EAT: I always ready the in-flight magazines on planes. It kills time and I nearly always pick up an interesting tip or place to visit! The magazine on the Icelandair flights to Iceland was no different: it had a little article on Malt og Applesin.


THIS DRINK IS DELICIOUS. It’s a Christmas drink in Iceland (their version of mulled wine or eggnog I guess) and it’s crazy good. Basically it’s a malt drink (so it tastes a bit like beer, but it’s non-alcoholic) and it’s mixed with organic. ALCOHOL FREE ORANGE BEER. It’s so bloody festive and yummy. I had it on the plane, in the bar… everywhere, basically. Give it a go if you visit Iceland!

SEE: I have a book by Rough Guides and I use it to inspire me whenever I’ve booked a holiday, or when I’m not sure where to go. One of the recommendations in the book is to head to Silfra. It’s a damn good recommendations because in Silfa you can snorkel or dive in lava filtered water between two tectonic plates.



I went with Dive.Is because you can only go between the tectonic plates if you’re with a guide. You also can’t dive unless you have lots of experience, so I opted for snorkelling. Silfra is in a National Park about a hour’s drive from Reykjavik and it’s a fissure between the North American tectonic plate and the Eurasian tectonic plate. Apparently there are lots of teeny tiny earthquakes there everyday, but you don’t feel them. Instead, you get to look down into some of the clearest water on earth about 45m into the earth, which is about as amazing as you’d expect!

The water is so fresh and clear because it’s filtered for dozens of years through lava rock before it gets to this point. So if you get a load of water in your mouth, you can just swallow it and feel refreshed. Silfra is also the only place where one can dive or snorkel directly in the crack between two continental plates, which makes it pretty damn special.


The experience was bloody freezing, just to warn you. I went when it was about -7 degrees out of the water and when you get in you’re only in a wet suit, so you’re not kept warm… just dry. And even then, not THAT dry because water gets into your gloves. Sigh.

The water was about 1 degree when I was there and the 45 minutes in the water was more than enough. I’d LOVE to go again in the summer when I could get out and not feel like I’m going to freeze to bloody death… but I’m still so so so glad I did it. And I’d 100% recommend DIVE.IS – as you can see, the photos they took of my snorkelling were amazing and the guide was fantastic too!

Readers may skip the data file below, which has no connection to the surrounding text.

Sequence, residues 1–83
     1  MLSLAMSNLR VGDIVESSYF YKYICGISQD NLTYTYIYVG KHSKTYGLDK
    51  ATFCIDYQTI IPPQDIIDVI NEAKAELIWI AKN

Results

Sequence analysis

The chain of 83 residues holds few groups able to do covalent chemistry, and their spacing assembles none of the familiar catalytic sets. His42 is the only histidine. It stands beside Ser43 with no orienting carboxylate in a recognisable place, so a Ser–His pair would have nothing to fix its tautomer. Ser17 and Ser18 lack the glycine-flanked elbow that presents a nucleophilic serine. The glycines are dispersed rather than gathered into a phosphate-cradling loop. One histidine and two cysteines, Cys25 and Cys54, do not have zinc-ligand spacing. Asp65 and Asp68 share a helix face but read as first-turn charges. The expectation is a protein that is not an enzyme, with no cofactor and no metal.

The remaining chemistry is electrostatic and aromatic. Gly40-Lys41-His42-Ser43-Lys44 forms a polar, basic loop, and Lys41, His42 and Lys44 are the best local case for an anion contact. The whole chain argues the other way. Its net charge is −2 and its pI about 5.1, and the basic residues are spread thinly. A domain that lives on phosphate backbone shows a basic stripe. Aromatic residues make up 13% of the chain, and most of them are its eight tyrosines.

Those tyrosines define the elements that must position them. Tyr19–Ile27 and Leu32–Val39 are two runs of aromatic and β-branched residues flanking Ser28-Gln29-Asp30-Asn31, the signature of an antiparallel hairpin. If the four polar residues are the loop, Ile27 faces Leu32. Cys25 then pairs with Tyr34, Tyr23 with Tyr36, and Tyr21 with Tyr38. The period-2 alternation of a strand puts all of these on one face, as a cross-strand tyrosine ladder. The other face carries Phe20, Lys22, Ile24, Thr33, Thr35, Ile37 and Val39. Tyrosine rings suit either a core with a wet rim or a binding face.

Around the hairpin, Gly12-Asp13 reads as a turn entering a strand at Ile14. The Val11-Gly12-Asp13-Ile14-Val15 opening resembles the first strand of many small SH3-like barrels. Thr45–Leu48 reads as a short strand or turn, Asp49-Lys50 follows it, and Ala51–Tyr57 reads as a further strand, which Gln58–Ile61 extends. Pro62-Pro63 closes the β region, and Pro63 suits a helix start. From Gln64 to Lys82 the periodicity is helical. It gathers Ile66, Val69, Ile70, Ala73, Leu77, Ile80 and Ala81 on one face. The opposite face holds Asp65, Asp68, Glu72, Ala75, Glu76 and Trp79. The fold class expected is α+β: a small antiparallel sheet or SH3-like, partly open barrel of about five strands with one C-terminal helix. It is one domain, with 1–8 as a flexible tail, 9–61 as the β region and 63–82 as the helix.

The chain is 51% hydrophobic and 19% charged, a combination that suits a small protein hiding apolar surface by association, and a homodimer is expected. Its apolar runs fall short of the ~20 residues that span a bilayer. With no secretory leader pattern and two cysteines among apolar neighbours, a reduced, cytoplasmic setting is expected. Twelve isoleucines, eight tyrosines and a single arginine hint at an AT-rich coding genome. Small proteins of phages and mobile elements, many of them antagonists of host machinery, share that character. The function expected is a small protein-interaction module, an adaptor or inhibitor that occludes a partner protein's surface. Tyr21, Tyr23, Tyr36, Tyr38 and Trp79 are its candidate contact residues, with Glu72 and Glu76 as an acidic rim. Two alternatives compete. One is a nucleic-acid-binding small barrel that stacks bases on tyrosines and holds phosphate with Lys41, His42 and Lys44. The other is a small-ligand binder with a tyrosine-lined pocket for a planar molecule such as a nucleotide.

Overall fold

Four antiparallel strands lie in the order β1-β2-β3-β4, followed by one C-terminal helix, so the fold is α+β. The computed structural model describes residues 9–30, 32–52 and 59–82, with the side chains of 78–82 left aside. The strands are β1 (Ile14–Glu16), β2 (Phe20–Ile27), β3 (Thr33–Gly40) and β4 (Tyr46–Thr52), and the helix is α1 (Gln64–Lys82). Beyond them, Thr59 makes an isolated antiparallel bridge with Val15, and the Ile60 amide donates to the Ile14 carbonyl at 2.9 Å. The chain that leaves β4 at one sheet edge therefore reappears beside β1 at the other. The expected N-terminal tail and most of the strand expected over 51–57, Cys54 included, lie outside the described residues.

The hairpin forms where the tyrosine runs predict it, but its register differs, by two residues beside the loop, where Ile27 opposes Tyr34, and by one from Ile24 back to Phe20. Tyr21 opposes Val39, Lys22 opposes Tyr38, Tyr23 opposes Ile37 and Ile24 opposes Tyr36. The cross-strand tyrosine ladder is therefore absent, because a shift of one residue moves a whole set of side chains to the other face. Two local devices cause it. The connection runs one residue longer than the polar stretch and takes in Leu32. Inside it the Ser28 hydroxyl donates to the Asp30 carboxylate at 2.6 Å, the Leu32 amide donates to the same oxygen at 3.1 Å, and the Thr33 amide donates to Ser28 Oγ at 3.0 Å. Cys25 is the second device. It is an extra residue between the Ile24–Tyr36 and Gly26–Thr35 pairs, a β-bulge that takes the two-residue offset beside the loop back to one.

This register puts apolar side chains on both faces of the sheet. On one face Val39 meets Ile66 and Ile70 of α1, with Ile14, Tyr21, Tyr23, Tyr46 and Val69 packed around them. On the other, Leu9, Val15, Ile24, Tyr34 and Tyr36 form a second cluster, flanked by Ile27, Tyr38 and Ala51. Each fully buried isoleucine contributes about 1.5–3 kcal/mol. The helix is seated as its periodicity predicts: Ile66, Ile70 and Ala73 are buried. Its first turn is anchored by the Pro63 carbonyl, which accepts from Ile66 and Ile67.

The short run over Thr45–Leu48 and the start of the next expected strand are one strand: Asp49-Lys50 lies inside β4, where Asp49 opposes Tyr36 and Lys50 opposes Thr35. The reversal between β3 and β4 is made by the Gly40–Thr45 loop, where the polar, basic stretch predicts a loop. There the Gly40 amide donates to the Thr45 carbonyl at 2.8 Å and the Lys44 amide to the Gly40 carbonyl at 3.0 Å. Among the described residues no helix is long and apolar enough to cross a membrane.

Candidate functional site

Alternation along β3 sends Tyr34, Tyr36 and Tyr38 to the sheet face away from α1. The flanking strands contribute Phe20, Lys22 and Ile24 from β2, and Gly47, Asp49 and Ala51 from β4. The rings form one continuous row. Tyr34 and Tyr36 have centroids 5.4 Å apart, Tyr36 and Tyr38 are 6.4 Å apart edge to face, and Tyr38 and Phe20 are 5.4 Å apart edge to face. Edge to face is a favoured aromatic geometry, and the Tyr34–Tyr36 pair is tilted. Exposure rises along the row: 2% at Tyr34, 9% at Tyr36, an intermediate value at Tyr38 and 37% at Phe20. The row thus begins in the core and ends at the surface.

SEE: As I didn’t hire a care, I used public transport to get me to a place called Hveragerði, which is the starting point of my mental day trying to get to the Reykjadalur Hot Springs. I took a little local bus to the bus depot on the outskirts of Reykjavik and then hopped onto a coach which departs every couple of hours and takes you to Hveragerði.


Warning: it’s a 3k walk up a hill to get to the starting point for the hike up to the thermal river and the café at the start point WAS NOT OPEN. So I hiked 3k to get to the point where I start to hike another 4k up a hill to get to the river. But s’all good. The hike to the start point is on a road and there are lots of geothermal pools you pass along the way – the billowing steam coming from them is like glorious Icelandic thermal foreplay.

It’s as beautiful as it is FREEZING. #HotSpring #ColdFace

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When you get o the start point you see a bit of greenery and immediately steam coming from the water: even at the start point the stream is warm! You’ll also pass some mud pools bubbling away and letting off stream too, which is pretty cool. By cool, I mean scorching hot, so watch your step. Then comes the snow and the ice…

…which would have been fine if I’d been properly prepared, but my snow boots have no grip on them whatsoever. So, I managed to get up about 1k of the hill before I slipped backwards, scraped my knee and gave up. Trust me, I had a few falls before I packed in my attempt (as it took me so long to get there!) but it’s up a big old hill and the entire path was just COVERED in packed snow and ice – there was no way I was going to make it.

So, I got a plastic bag out of my backpack, sat on it and whizzed down the hill for 1k: SO Much FUN! True, not as much fun as getting to the top and bathing in a natural warm river would have been, but ho hum. I enjoyed myself and had an adventure, so that’s the main thing 😊 If you have a car and you’re properly dressed, give this place a visit. Not getting up to the top just means I HAVE to come back in the summer and give it another go when it’s grassy. Whoop!

LISTEN: Keflavik airport is ok. Nicely laid out, but small. There’s a Joe and the Juice in the middle of it and while I was waiting to leave Iceland, it was playing some killer tines. Some of them were Icelandic hip hop! I really liked the song below – it’s by Joey Christ and it’s called Turisti.

LOVE: Last year, the Blue Lagoon in Iceland has nearly as many people visit it as there were tourists entering the country. The reason? Because the Blue Lagoon is super famous and only about 15 minutes from Keflavik airport, so alllll tourists head there as they enter or leave the country.

I went on my way outta Iceland which personally I think was the better way to do it. Airport days are usually a bit meah because you know you can’t do anything BIG because you need to get to the airport in good time, so heading to the Blue lagoon about five hours before your flight means you get a solid three hours bathing in its warm, bright blue waters.